It’s time for a little holiday nostalgia, so I return you to the years of 1981 through 1994. Although I have no records to support this, I believe that I traveled at Easter to the Rinne farm near Keytesville, Missouri, for nearly every one of those years. (I can’t really recall when Grandma and Grandpa moved to Cordova, Nebraska, and if I text my mom to find out she will instantly call me, talk to me for awhile, and then close by thanking me for calling. At which point, I will sheepishly point out that I only texted her. But anyway, to avoid all that, I'll just guess.) But I want to take you back to what it was like to make those annual Easter trips.
School would be for half a day on Thursday. My dad would get to the house early Thursday afternoon and then begin cursing at how utterly unprepared we were to actually leave. We would throw things together haphazardly and then get into a poorly-made vehicle. Some of these trips may have been made in the "drug van," which was a giant brown van with two front seats, one row of seats, and then a black void. (I nearly got frostbite on my toes one year on a Christmas trip to see my other grandparents due to the van’s complete lack of insulation). But my more vivid memories of the Easter trips are being in a sedan of some kind (possibly even the old Cutlass) and being crammed in with my brothers in the back seat with limited leg room. Keith and I on each side, and Elliott smushed in the middle. I would stare out the window as the countryside changed from farm fields to farm fields to farm fields. Maybe changed is the wrong word.
It was a six-hour trip, which was interminable to the young me. I can remember the towns: Beatrice (this meant stories of my mom's childhood, which were ... uh... something); then the Missouri border (bathroom break); then St. Joseph (could only be referred to as St. Joe, who always seemed like St. Joseph's cooler alter ego); then Chillicothe (which I always enjoyed saying); then Marceline (I'm probably asleep by this point) and then the farm. During the last few miles, my dad would claim he could turn on road signs by flipping from dims to brights. This did impress and confuse me at the time, which is a sad commentary on the young me. At this point, it's about 10:30 p.m. And the second I step onto the back deck I can smell the popcorn. Grandpa has his air popper going, and I've got popcorn soon after I've gotten a hug from my Grandma. This was an era before cell phones, so my Grandpa only vaguely knew when we would be arriving. But it seemed the popcorn was always hot and tasted perfect. He might have been making it all evening just to be prepared, but this could simply be the magic of grandparents. Then, I would get in bed -- either the foldout bed in the living room or maybe a bed upstairs -- and try to fall asleep. It wasn't always easy because I was excited for the next day's adventures.
Friday would be a day of four-wheeling and sports and good meals. That evening, we would travel to Salisbury to go to Good Friday church, which was always a somewhat scary service. Lots of darkness, terrifying scripture readings, people whispering. It was a rather chilling scene.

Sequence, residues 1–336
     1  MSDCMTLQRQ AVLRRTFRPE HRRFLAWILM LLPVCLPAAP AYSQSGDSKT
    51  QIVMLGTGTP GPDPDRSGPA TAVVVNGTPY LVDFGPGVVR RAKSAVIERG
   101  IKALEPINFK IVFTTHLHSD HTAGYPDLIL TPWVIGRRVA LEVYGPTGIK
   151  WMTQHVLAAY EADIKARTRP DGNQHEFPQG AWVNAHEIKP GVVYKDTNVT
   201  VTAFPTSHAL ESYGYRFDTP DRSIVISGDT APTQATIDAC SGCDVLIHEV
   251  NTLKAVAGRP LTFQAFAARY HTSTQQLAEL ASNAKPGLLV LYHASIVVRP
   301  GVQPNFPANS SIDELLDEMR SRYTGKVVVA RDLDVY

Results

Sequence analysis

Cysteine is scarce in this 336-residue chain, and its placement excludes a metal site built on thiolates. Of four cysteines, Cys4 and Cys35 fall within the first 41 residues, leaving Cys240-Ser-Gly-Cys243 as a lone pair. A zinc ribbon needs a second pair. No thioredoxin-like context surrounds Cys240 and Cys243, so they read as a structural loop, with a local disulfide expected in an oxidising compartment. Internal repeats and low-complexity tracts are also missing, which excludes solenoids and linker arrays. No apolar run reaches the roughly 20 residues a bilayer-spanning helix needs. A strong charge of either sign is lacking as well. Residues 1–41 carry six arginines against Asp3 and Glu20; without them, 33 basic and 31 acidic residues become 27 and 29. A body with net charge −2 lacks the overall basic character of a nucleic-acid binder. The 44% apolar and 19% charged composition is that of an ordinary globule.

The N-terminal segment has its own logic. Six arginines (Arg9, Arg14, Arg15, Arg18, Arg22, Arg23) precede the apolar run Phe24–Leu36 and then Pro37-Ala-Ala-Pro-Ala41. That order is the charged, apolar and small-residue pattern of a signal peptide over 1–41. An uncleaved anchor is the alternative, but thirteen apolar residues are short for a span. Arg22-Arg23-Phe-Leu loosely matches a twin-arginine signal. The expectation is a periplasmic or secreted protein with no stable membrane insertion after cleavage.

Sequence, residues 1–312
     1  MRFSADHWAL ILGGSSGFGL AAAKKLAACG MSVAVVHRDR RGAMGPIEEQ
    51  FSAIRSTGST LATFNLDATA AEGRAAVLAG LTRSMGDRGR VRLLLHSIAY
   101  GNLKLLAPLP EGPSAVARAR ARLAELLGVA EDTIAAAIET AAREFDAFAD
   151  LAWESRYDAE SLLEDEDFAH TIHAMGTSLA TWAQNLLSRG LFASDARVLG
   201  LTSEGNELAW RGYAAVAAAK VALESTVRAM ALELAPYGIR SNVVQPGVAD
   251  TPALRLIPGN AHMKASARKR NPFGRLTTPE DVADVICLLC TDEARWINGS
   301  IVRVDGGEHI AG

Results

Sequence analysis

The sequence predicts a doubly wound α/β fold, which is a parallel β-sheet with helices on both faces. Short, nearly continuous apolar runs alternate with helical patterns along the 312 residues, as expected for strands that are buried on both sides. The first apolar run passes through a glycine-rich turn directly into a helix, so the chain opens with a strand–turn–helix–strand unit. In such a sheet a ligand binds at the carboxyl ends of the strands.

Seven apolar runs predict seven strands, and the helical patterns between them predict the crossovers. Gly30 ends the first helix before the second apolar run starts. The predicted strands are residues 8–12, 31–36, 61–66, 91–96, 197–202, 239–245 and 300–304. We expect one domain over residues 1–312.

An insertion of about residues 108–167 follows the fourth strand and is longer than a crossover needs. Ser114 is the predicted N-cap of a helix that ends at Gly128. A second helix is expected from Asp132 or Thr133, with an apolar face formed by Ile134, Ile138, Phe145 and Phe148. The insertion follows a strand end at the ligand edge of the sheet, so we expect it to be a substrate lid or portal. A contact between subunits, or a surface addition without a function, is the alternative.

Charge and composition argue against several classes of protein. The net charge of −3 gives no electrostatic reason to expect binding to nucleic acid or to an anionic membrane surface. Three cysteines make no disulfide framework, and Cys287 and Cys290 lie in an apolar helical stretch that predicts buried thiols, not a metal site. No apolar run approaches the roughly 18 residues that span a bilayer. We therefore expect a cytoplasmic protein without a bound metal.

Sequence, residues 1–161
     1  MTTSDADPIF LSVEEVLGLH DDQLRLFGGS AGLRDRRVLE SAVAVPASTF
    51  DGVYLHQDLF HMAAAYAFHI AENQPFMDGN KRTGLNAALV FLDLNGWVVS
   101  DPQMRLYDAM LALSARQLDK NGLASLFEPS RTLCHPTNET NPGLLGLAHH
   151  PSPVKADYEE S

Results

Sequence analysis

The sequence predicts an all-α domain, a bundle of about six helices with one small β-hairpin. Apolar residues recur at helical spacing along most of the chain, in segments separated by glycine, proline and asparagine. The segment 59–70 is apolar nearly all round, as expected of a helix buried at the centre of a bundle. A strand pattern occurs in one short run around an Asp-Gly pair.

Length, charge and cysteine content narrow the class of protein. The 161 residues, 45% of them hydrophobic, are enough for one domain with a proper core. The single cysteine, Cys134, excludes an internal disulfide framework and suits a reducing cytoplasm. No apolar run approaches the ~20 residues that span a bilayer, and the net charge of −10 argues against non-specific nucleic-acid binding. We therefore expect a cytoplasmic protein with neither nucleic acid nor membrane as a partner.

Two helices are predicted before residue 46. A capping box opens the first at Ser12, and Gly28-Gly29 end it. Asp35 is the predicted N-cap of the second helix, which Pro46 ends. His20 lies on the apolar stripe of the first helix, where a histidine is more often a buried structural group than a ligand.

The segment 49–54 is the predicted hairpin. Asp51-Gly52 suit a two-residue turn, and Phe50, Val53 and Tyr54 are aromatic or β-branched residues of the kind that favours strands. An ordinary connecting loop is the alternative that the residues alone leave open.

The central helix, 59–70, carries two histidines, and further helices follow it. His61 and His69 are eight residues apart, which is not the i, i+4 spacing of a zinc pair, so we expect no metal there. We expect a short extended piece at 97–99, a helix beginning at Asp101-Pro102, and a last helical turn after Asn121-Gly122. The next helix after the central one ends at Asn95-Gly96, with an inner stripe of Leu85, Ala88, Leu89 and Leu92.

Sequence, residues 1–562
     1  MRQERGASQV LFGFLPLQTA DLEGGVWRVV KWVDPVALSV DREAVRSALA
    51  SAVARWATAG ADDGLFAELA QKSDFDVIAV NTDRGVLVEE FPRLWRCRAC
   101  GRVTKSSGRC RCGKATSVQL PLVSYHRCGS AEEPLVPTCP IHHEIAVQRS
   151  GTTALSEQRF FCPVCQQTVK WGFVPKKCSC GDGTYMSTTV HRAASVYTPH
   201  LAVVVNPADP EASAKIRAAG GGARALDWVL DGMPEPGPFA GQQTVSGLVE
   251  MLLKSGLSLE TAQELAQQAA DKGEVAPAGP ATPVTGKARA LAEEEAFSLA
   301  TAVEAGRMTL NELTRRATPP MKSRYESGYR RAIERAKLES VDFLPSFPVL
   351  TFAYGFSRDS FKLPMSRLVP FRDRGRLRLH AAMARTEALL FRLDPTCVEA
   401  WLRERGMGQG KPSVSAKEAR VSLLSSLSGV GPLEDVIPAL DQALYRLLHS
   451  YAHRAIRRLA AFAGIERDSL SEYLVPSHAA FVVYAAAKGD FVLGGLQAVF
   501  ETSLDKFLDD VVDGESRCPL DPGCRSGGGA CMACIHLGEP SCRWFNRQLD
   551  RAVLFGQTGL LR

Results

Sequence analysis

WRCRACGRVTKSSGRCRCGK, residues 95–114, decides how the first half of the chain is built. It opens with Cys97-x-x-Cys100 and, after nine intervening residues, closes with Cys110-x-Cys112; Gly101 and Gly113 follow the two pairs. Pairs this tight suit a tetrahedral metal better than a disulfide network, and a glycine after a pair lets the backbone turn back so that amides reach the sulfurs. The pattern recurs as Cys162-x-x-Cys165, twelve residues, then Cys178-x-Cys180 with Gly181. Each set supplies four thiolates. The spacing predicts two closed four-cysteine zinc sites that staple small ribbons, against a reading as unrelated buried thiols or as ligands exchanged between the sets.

Saturday would be more adventures, maybe some exploring, croquet, basketball, or fishing. We could go with Grandpa to feed the giant catfish. And, of course, copious amounts of good food. In the evening, we might sit down with even more popcorn to try the TV to see if any stations come in. Maybe there was a movie of the week (I think I remember seeing LA Story there, but I remember nothing of the movie. Could have been Roxanne.) Sometimes at the end of the late newscast, Dr. Red Duke would appear. He seemed like a cable access "doctor" who relied on remedies that "Big Science" did not want you to know about. These segments were always enjoyable for their occasionally bizarre turns.
Easter Sunday would be a much happier service, and then an Easter Egg hunt in the front yard. It was thrilling to find an egg with chocolate in it or a dollar bill. Then, a big lunch and our goodbyes to Grandma and Grandpa. Then, it was back in the car to head home. Six more hours in the car smushed in with my brothers, and trying not to have my dad yell at me too much.
Those Easter weekends are what I think about when I think about my grandparents. I probably am getting numerous details wrong (maybe we left on Wednesday, maybe we did not go through Marceline on the way, maybe we didn't have popcorn right away, maybe Dr. Red Duke was a staid and sensible doctor, maybe he was not even a doctor). But it does not really matter what the truth was now. The memory is what I treasure. I loved those trips. I loved that farm. I loved spending time with my grandparents. I love that I can still go back there in my mind.
But of course I can only return in my mind. One of those people is no longer with us. I would never, under any circumstances, want to ride for six hours in the backseat of a sedan. Someone else owns the farm. But if I just smell the popcorn, I go back.
Sometimes when I'm watching Hulu Plus, they have a commercial for Disneyland that attempts to guilt parents into bringing their children to Disneyland to "create memories that will last a lifetime." But honestly, the Dumbo ride probably is not that memorable. Long car rides, the anticipation of seeing your grandparents, frightening church services, and Easter egg hunts, those are the memories that will last a lifetime. That is what childhood is about. Now that I have my own family, I hope to start making those kinds of memories with them. (I'm sure they are not looking forward to it.) But I hope someday they can look back with a smile the way that I do. We are not going anywhere this Easter, but, like the Chicago Cubs, there is always next year. I hope that when Ada is older, she can think about Easter and have similar happy memories. We should all be so lucky.